We had the least affordable housing market in decades last year, and it hasn’t gotten much better. Home prices, rents, mortgage rates are all still high, and Americans are feeling the pain. “Half of U.S. homeowners and renters sometimes, regularly, or greatly struggle to afford their housing payments,” a Redfin-commissioned survey found. 

More than 42 million households spent more than 30% of their income on housing in 2022, the latest available data shows, making them what many call “cost-burdened.” It shouldn’t come as much of a surprise. Home prices and rents skyrocketed during the pandemic-fueled housing boom; the former is still setting all-time highs, and the latter has fallen slightly. Mortgage rates reached a more than two-decade high last year, but have come down too. Incomes, on the other hand, haven’t kept up. So people are making sacrifices.

They’re either taking fewer vacations or none at all, skipping meals, working more hours and more shifts, selling their belongings, borrowing money, dipping into their retirement, delaying or doing without medical care, working a side hustle, or getting cash gifts, according to the Redfin survey. 

“Housing has become so financially burdensome in America that some families can no longer afford other essentials, including food and medical care, and have been forced to make major sacrifices, work overtime and ask others for money so they can cover their monthly costs,” Redfin’s economics research lead, Chen Zhao, said. 

Mortgage payments are close to an all-time high, and it’s no longer clear when or if the Federal Reserve will cut interest rates this year, especially after today’s hot jobs report. “More jobs also mean the interest rate decline could stall as the Federal Reserve re-evaluates inflation risk,” National Association of Realtors’ chief economist, Lawrence Yun, said in a statement, adding later, “mortgage rates are likely to remain unchanged, with no further measurable declines in upcoming months.”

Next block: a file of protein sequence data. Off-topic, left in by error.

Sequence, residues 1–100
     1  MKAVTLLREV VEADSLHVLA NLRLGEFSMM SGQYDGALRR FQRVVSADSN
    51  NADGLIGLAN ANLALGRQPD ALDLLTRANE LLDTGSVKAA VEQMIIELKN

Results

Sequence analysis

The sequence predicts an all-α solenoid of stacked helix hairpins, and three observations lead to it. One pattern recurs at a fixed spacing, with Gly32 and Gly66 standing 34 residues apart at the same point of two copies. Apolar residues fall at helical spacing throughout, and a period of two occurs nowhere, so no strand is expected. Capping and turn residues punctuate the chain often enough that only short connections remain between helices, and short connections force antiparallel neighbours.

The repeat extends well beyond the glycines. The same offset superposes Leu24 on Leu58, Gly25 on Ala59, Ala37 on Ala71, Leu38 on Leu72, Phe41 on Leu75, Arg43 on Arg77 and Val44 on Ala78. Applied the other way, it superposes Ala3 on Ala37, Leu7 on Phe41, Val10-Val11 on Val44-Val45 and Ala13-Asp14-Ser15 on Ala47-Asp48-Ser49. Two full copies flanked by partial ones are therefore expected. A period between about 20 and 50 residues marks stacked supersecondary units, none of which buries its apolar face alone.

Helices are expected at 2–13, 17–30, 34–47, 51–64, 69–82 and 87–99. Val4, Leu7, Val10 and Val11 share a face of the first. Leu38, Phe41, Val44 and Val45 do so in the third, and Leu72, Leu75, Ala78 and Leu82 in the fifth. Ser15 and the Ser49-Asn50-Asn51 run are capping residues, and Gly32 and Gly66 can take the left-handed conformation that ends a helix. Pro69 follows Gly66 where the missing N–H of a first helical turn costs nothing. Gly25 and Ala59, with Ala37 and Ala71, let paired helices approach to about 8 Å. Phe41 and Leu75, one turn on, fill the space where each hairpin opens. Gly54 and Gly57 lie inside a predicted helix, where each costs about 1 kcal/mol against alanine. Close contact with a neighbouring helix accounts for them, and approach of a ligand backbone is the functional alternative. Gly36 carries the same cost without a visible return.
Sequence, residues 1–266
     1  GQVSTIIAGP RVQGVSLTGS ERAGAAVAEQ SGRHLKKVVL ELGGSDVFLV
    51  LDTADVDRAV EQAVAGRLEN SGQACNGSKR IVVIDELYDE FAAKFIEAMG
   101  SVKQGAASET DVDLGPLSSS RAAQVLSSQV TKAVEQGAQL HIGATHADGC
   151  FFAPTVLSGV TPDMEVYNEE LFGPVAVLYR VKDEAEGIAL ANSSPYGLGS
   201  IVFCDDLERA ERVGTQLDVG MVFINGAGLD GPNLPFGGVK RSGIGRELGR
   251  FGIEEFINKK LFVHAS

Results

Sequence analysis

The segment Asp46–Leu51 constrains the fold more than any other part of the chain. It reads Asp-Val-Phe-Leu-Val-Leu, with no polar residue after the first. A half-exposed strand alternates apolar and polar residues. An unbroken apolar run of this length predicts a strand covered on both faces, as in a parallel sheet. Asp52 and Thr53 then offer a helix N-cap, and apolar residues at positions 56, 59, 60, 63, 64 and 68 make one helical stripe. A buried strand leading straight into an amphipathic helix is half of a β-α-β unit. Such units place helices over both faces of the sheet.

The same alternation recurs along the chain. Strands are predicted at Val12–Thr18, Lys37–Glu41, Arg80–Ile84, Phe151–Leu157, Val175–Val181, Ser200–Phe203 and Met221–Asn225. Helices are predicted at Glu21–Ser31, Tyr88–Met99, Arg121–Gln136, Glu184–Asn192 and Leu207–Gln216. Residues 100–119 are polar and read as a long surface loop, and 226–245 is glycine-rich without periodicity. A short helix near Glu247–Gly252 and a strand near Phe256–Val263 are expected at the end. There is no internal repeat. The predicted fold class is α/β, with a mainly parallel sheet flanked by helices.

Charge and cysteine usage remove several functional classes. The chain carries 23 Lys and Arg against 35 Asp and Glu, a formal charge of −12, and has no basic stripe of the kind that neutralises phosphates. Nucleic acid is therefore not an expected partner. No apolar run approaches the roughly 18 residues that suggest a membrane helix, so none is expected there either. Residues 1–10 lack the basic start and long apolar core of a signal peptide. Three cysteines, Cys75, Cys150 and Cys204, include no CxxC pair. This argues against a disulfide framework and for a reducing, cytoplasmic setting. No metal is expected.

More so, the salary needed to afford a starter home has almost doubled since the pandemic, and buyers need to make $30,000 more than they do to buy a typical home. Housing affordability is literally influencing how Americans are planning to vote in the upcoming presidential election.

From the survey, we know that millennials, baby boomers, and Gen Xers dipped into their retirement money for housing costs or skipped vacations. Gen Zers worked extra hours, sold belongings, and skipped meals, Redfin found. 

Separately, a couple of outlets published stories this week about multigenerational housing; Vox said it was “coming back in a big way.” The publication included an anecdote from a 23-year-old woman that works at a nonprofit in Nashville, makes $50,000 a year, and is moving back in with her parents. It also referred to a 2022 Pew Research Center analysis that found a quarter of American adults, from 25 to 34 years old, lived in a multigenerational family household in 2021—that’s up from 9% in 1971. And as Fortune has previously reported, moving back in with mom and dad is so common, it has pretty much lost its stigma—but it’s never really had a stigma outside of America, if anything it’s the norm in several countries. 

Additionally, a RentCafe analysis from last year found 20% of millennials and 68% of Gen Zers still live with other family members. In fact, California was the state with the most millennials and Gen Zers living in multigenerational households. That shouldn’t surprise you either—California’s average home value is roughly $765,000, and its median rent is $2,775; the former is 120% higher than the national average, and the latter is 34% higher than the national median. More recently, a generational trends report from the National Association of Realtors released this week revealed that 24% of younger millennials between 25 and 33 years old moved directly from a family home to their own.

Last year, a 24-year-old woman told Fortune she moved into a tiny home in her parents’ backyard in College Station, Texas. She lived there for five years rent-free, and it helped her buy her own $250,000 home. “If I had to rent, there’s no way I would have been able to purchase a home,” she said at the time. “I don’t think I would [have been] able to purchase for another five to seven years.” 

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